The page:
Thursday, May 10, 2012

Thought for Mother's Day: Food Allergy Parenting is Like "Finding Nemo"

Mother's Day is coming up, but I want to talk about the father from "Finding Nemo" that fabulous Disney film that is being re-released in 3D to celebrate its 10th Anniversary. ( was out that long ago????)

"Finding Nemo" was the first film I ever took my daughter to. She was two years old and at that time we had no idea she had a life-threatening food allergy--she hadn't had a reaction yet (though she was repelled by peanut butter for some reason????). In fact, before the movie I took her to Noodles and Co. for macaroni and cheese--a place we no longer visit because of the nut allergy warnings on the door. She claims to still remember going there--maybe because it was one of the last times.

But getting back to Nemo, little did I know that the story of Nemo, his dad and Dory would become a parallel to my own parenting journey.

Most of you are familiar with the movie's plot: Nemo loses his mom in a terrible way, causing his already uptight dad to spend most of his time trying to keep him safe from harm. When Nemo is trapped by ocean divers looking for exotic fish, his father begins a quest to find him and bring him home.

The film is one of my favorites: it's funny, poignant and has exciting animation. The message is also touching to any parent: you have to let kids go at some point, even when there is danger -- and danger is always going to be there. In other words, sometimes parenting is really painful.

Here's the kicker: Nemo's dad is right when he tells Nemo not to go too far into the ocean. His overprotective dad fears, in this case, are 100% warranted and accurate. While we laugh at Nemo's dad and his "silly" worries, we also have to admit: the guy was right to have fear. But it's how you channel it that makes all the difference. At the end of the film, Nemo is a lot wiser and a little more cautious and his dad is a little less worried. They reach a happy medium.

What does all of this have to do with food allergies? I think a lot of us feel like Nemo's dad. We know the dangers are out there but other's aren't always seeing it. Still, we want our kids to live life as best as they can. So we have to find that balance of what works for us, our kids and our family situation. That's what I try to do and that's what many of you are trying to do, especially as you first enter the role of "food allergy parent."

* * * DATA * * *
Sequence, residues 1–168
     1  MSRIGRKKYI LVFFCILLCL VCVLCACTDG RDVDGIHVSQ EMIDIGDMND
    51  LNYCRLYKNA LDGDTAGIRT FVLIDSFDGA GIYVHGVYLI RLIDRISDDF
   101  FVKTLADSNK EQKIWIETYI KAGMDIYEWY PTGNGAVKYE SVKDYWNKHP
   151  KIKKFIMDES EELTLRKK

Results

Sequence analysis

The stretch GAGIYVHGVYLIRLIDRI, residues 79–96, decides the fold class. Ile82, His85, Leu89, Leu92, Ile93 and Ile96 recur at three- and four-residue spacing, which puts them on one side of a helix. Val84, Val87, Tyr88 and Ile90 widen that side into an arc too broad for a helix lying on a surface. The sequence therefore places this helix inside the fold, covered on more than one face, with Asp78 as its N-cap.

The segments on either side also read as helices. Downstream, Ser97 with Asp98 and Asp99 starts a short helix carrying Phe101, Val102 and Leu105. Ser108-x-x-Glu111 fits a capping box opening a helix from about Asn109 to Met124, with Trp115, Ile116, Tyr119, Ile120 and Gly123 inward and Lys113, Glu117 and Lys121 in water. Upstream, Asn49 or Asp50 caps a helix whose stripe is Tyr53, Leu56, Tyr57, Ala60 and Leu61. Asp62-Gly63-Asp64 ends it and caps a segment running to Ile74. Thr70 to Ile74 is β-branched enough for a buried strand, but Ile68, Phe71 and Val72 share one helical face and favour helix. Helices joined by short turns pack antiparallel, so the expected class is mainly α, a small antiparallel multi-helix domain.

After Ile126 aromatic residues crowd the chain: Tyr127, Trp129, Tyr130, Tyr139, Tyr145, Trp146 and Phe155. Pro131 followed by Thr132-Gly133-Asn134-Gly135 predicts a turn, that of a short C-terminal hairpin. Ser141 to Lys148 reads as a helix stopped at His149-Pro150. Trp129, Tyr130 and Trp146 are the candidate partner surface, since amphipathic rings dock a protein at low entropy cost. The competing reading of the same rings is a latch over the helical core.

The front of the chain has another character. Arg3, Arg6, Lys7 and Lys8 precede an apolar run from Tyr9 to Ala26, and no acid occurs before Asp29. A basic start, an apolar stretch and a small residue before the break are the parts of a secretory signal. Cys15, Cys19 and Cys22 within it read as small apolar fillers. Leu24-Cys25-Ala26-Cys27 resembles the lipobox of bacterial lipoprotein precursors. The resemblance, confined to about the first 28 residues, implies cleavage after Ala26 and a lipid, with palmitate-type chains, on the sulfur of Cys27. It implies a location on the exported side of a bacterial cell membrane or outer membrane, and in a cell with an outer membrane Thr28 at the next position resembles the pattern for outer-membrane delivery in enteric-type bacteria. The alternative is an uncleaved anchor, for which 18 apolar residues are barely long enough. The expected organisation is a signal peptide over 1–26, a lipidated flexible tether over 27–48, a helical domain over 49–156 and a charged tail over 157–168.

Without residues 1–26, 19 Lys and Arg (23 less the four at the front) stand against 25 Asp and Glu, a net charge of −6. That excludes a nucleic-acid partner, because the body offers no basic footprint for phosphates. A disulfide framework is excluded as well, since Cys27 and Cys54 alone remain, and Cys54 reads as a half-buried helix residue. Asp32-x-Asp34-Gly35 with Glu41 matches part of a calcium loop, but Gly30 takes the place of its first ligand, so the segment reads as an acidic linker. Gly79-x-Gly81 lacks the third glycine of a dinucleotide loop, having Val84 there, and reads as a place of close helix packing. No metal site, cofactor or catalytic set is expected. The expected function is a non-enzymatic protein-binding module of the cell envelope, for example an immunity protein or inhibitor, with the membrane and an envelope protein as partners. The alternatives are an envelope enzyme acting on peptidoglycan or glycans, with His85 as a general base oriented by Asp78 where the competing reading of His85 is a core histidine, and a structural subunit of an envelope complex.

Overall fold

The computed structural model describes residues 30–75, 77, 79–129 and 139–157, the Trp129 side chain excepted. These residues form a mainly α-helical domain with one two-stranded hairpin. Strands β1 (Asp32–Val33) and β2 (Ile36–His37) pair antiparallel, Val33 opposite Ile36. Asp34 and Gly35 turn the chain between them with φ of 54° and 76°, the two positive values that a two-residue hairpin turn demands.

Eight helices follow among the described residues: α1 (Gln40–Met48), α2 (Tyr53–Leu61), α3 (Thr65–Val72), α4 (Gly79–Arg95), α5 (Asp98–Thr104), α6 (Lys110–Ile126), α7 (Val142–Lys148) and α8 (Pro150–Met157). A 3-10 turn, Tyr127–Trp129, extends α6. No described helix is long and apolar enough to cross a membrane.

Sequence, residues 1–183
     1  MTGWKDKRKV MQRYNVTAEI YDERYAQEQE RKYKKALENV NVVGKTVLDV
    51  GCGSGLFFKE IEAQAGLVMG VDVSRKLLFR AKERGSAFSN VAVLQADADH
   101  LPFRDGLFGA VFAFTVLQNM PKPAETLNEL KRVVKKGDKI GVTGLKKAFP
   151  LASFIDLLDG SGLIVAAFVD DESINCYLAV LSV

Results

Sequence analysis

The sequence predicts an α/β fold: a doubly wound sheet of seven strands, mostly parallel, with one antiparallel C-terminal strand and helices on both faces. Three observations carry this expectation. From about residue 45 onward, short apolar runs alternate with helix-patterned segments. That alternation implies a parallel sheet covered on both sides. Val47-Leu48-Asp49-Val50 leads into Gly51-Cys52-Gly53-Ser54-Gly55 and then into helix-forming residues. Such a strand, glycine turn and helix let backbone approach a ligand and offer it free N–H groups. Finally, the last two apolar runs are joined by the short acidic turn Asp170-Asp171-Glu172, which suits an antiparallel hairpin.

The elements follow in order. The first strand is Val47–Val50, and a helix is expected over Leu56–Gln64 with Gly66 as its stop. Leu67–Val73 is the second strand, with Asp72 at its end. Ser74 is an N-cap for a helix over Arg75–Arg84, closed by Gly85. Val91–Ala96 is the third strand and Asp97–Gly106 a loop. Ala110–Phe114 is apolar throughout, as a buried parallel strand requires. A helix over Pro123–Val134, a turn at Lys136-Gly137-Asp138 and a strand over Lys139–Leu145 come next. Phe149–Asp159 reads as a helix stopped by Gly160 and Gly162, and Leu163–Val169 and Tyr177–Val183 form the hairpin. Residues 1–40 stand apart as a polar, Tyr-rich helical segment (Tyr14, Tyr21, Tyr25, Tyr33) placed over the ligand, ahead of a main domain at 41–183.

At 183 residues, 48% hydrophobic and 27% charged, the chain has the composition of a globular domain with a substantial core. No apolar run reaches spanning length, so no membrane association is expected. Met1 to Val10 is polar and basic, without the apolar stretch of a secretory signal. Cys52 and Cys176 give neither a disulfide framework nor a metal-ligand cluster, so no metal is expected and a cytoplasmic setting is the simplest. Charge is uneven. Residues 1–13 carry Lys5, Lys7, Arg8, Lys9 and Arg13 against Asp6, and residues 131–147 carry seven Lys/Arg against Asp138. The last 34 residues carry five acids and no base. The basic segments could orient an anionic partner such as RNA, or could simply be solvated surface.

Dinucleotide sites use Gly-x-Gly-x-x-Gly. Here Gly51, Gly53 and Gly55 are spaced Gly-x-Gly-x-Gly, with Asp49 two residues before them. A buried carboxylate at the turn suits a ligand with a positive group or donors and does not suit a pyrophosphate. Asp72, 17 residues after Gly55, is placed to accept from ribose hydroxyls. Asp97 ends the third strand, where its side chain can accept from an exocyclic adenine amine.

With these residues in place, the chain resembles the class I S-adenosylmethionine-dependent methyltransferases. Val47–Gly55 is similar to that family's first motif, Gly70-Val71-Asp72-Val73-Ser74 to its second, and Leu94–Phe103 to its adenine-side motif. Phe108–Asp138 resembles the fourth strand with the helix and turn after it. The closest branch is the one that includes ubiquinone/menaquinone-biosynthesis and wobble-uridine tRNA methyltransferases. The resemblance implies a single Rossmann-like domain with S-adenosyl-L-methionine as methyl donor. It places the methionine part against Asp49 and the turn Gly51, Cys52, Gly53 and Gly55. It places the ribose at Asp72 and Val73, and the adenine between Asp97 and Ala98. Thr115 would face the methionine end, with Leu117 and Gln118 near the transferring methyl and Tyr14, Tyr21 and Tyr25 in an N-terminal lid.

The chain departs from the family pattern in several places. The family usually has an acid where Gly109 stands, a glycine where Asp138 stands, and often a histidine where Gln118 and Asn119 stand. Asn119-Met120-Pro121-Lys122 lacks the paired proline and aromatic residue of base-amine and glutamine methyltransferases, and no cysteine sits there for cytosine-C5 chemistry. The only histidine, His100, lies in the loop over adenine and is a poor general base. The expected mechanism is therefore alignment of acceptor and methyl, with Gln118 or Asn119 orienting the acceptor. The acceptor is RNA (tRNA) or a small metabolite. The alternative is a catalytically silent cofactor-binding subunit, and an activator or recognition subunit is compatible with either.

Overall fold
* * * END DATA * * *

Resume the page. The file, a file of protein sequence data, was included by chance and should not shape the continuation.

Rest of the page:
And there is the Dory factor. Her famous line "Just keep swimming" makes her invaluable to Nemo's dad who relies on her to keep him going through the tough times. Dory's chipper attitude is helped by the fact that she has no long-term memory! So she doesn't even recall that danger is there and just does things. Now, as parents of kids with a serious medical condition we don't have the luxury of throwing caution to the wind whenever we want, but a little forgetfulness in terms of "what if? what if? what if?" can help us achieve more of a healthy balance as long as we know we've done everything we can in terms of taking precautions and preparing our kids.

When I talk to moms and dads who are new to dealing with nut allergies, sometimes I feel like an annoying "Dory" in the sense that I want people to "just keep swimming." But believe me, I've been on the other side. I didn't start out feeling confident about my daughter's allergies--it kicked the breath out of me and at  times it still does. I do understand what you guys are going through and while I do try to keep positive, that's not to say I don't think food allergies are a huge challenge that is often distressing. A lot of the time I'm more "Nemo's dad" than Dory if that's any consolation for those of you who think that parenting a child with medical challenges comes naturally to a lucky few. It doesn't--you have to work at it and it takes time to adjust, something I talk about in my e-book.

It's not always easy. But, annoying though it can sometimes sound (especially if you are in the thick of dealing with all of the life adjustments) let's all do our best to "just keep swimming." Our kids will thank us someday.

I want to wish all of you a beautiful, safe and Happy Mother's Day!


Anonymous said...

Thank you Jenny for this inspirational blog. Have a wonderful Mother's Day!

Keeley McGuire said...

Great post Jenny, so true!!

Omgosh I can't believe it's been 10 years too! LOL

Sakina Bajowala, MD said...

Love the metaphor! Happy Mother's day!

Jenny said...

Happy Mother's Day to you Sakina!! I love your blog, Achoo, Allergist Mommy! :)

Anonymous said...

Happy Mother's Day to you!

What a great read.

I'm no blogger, but I like doing my bit to help raise awareness of food allergies.